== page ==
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Monday, February 2, 2009

Donnelly Follows Konkin Over The Cliff

To George Donnelly at

It's a non sequitur to claim that to exercise a choice is to endorse and advocate the existence of the institution or framework that offered that choice.  The is just one thought experiment of many that can expose the error in such reasoning.  Another example is if every ballot included an I-reject-the-state option.  Even if the results were non-binding, checking that box wouldn't imply consent for the existence of the state -- any more than delivering a less-than-mortal blow to your enemy implies that you desire your enemy to remain alive.

Exploiting a weakness in the machinations of an opponent does not imply endorsement of the existence of that opponent or his machinations.  You're confusing expressed consent with a tiny opportunity cost of not expressing rejection of the state.  If you ostentatiously decline to vote, but you voluntarily get a driver's license or a marriage license or a building permit, then you are embracing the state's machinations much more tightly than merely by voting for maximal reduction of the state.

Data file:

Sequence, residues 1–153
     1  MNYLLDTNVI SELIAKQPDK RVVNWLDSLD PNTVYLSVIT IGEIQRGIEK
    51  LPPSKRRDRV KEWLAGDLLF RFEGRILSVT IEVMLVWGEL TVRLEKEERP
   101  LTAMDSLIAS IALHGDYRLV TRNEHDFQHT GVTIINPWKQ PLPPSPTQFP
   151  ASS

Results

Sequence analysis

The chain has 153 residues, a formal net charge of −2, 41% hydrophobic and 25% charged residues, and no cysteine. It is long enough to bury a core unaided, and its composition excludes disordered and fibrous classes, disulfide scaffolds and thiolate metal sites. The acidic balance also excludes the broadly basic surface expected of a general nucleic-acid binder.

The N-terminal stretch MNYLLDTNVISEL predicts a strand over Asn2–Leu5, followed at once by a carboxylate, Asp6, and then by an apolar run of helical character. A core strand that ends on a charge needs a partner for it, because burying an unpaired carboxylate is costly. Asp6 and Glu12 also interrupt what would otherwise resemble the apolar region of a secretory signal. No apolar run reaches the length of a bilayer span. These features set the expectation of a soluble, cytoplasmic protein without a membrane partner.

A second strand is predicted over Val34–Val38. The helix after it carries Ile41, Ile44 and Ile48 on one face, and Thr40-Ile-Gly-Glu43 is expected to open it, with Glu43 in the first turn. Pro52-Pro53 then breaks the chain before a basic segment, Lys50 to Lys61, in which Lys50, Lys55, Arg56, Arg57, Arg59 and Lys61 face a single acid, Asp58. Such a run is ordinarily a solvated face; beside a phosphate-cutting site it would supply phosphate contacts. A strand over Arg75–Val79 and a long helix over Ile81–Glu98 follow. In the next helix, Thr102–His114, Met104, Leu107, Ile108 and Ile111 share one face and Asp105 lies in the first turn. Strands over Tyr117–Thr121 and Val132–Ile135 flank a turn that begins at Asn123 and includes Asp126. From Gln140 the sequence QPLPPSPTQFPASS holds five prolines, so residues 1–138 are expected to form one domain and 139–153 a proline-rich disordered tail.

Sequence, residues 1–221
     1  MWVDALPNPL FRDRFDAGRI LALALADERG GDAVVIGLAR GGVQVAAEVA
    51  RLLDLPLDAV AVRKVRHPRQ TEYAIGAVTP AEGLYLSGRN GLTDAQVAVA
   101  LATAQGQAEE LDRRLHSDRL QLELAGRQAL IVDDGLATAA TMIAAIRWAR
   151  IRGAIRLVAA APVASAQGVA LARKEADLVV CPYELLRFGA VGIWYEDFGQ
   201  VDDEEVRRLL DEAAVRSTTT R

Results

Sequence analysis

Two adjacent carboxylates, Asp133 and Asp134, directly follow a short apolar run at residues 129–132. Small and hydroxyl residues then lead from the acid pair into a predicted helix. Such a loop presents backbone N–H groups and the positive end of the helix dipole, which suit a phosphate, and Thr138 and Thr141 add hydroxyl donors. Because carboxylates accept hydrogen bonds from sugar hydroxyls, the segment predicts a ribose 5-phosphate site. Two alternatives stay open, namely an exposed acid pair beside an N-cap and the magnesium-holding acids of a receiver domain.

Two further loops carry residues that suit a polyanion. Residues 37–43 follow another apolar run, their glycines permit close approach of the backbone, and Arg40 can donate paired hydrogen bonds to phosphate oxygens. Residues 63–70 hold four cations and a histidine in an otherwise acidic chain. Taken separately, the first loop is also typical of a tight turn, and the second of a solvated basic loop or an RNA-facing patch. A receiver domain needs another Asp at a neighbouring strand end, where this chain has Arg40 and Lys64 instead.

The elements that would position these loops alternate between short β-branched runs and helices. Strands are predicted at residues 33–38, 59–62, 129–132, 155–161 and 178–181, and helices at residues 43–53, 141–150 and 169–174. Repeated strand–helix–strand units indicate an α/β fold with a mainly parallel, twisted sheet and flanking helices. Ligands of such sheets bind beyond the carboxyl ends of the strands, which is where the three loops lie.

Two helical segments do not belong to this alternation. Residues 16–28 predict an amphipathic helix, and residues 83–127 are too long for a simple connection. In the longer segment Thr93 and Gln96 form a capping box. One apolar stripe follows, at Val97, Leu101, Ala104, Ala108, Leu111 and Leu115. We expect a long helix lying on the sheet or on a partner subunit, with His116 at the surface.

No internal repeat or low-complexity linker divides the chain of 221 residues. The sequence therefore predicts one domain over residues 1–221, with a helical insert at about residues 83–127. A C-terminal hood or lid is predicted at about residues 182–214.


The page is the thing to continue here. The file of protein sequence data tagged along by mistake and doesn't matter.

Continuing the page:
In game-theoretic terms, the strategy of voting for more liberty dominates the strategy of ballot boycotting.  In any scenario in which liberty is increased by liberty-lovers boycotting elections, liberty would be increased more effectively by those liberty-lovers voting for more liberty.

Your example boycotts are all cases of people exercising real bargaining power, by withholding something the other party wants.  Ballot boycotters have no bargaining power against the State, because the State does not want liberty advocates voting anyway.  Any signal from the few ballot boycotters is inevitably lost in the overwhelming noise of voter apathy.  A much clearer signal can be sent by voting for more liberty.  Such an option isn't necessarily available in every race, but we in the Libertarian Party work hard to provide that option.  I've spent many hours and thousands of dollars to provide it here in Silicon Valley.

You completely sabotage your argument by saying that State punishment for failing to accept State offers does not make acceptance non-voluntary.  This means that anything you do to avoid punishment -- paying your taxes, obeying arbitrary traffic rules, showing up for jury duty, etc. -- is voluntary and constitutes endorsement of the existence of the state.  Your concession here ends the debate.